or The Medley of Lovers
by David Garrick
or A Bone for the Lawyers
by Charles Macklin.

White Bear Theatre 139 Kennington Park Road SE 11 4DJ To 14 November 2010.
Tue-Sat 7.30pm Sun 5.30pm.
Runs 2hr 30min One interval.

TICKETS: 020 7793 9193.
Review: Timothy Ramsden 6 November.

Lost laughs from the past.
These farces, from leading actor-authors of the 18th-century London stage, make a fascinating historical pairing. Both follow familiar comic plots of the time, with a young woman to be married-off to a much older man for financial gain.

Ideal young suitors are evident, with a side-order of ridiculous types – Garrick includes a fencing match between cowards evidently derived from the Viola/Andrew Aguecheek match in Twelfth Night.

His 1747 play shows rival suitors, young and old, for teenage Miss Biddy turning out father and son. Also around the frame are the vainglorious Flash and the effeminate Fribble (who, in a neat detail, spends the time with a cut finger elaborately bandaged).

Macklin includes a comic French medic, a rapacious, if briefly seen, mother and an aptly-named old miser. Both plays are stuffed with comic action. And Mr Hart’s Theatrical Company provides notable prologues, capturing the disorder of the 18th-century playhouse.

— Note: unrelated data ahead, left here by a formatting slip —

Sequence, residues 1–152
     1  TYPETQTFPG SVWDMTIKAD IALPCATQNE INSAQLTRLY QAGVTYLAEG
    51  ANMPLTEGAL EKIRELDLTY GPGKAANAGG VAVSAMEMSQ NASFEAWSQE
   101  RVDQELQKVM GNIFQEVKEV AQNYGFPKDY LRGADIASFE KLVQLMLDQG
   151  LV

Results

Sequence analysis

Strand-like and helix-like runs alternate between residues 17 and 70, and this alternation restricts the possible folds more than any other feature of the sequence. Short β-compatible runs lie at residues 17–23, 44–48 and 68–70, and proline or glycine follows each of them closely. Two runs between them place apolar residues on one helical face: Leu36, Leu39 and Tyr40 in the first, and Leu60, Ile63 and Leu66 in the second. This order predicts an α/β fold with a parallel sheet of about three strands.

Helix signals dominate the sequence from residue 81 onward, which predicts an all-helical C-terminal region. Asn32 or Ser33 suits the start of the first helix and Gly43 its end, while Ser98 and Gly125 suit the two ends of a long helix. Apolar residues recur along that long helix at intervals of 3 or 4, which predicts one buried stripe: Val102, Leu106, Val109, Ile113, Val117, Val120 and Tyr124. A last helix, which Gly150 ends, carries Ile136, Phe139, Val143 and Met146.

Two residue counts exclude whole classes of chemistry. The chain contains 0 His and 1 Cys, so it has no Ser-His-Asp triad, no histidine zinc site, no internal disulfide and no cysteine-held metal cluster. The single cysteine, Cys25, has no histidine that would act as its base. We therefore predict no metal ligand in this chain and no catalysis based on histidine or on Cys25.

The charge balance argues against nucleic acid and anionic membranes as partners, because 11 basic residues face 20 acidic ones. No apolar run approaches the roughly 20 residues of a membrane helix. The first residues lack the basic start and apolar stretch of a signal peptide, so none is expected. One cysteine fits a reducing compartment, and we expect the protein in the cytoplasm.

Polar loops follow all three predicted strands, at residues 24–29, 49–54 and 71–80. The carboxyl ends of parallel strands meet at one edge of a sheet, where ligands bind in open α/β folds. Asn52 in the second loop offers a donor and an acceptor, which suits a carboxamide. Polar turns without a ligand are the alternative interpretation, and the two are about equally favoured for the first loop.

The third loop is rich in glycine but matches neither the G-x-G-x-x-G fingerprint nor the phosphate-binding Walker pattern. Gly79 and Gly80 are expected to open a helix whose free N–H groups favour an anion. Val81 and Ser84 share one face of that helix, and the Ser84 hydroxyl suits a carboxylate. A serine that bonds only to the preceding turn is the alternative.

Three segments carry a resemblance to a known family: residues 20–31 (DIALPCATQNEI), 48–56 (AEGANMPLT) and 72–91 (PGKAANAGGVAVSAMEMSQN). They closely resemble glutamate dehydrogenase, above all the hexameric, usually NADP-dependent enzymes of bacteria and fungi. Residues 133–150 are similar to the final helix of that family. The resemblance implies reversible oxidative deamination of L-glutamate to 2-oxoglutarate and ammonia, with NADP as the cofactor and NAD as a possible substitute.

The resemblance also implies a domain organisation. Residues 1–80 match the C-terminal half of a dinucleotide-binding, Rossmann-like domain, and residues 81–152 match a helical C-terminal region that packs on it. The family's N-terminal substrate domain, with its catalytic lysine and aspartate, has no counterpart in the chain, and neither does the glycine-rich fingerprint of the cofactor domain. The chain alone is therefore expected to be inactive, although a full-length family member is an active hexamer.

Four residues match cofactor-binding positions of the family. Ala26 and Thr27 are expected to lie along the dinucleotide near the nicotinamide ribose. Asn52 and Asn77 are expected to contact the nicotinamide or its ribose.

The determined concentration Jennifer Masters has to show to complete the verse prologue to Miss, against the rising tide of conversations from the company around, says a lot about the skill needed to subdue an excitable audience (these people could riot) in a crowded, fully-lit auditorium of the time.

And Macklin’s play begins with an Irishman laid out across the stalls, plus some theatrical conversation before things get underway. These atmospheric openings are strong points in an evening which would have gained from the directors taking a more controlled line with performances.

There are telling moments – older women do well, with Gil Sutherland’s cross-dressed Aunt restrained in the first play, and Tori Hart’s Lady Lovewealth fuming rapaciously at the side in Will. And Graham Butler brings plentiful detail to the wily servant Shark in Macklin’s Gianni Schicchi trick, disguising himself as the dying Sir Isaac and willing much of ‘his’ estate to Shark while others look impotently on. Hart’s production emphasises the disgusting physicality of old age early on, which is fair enough in a line going back to Jonathan Miller’s anti-elegant School for Scandal, but generally less fuss and externality would benefit revivals which too often substitute energy for finesse.

Miss in her Teens
Sir Simon Loveit/Aunt: Gil Sutherland.
Captain Loveit: Adam Alexander.
Fribble: Matthew Butler.
Flash: Graham Butler.
Puff: John Fitzpatrick.
Jasper: Nick Errington.
Miss Biddy: Tori Hart.
Tag: Emma King.

Director: Jennifer Masters.
Lighting: Libby Spencer.

A Will and No Will
Rattle/Mr Littlewit: Adam Alexander.
Smart/Bellair: Nick Errington.
Irishman/Doctor Leatherhead: John Fitzpatrick.
Snarlewit/Mr Death/Monsieur de Maigre: Matthew Butler.
Sir Isaac Skinflint: Gil Sutherland.
Shark: Graham Butler.
Lady Lovewealth: Tori Hart.
Harriet: Emma King.
Lucy: Jennifer Masters.

Director: Tori Hart.
Lighting: Libby Spencer.

2010-11-09 04:00:50

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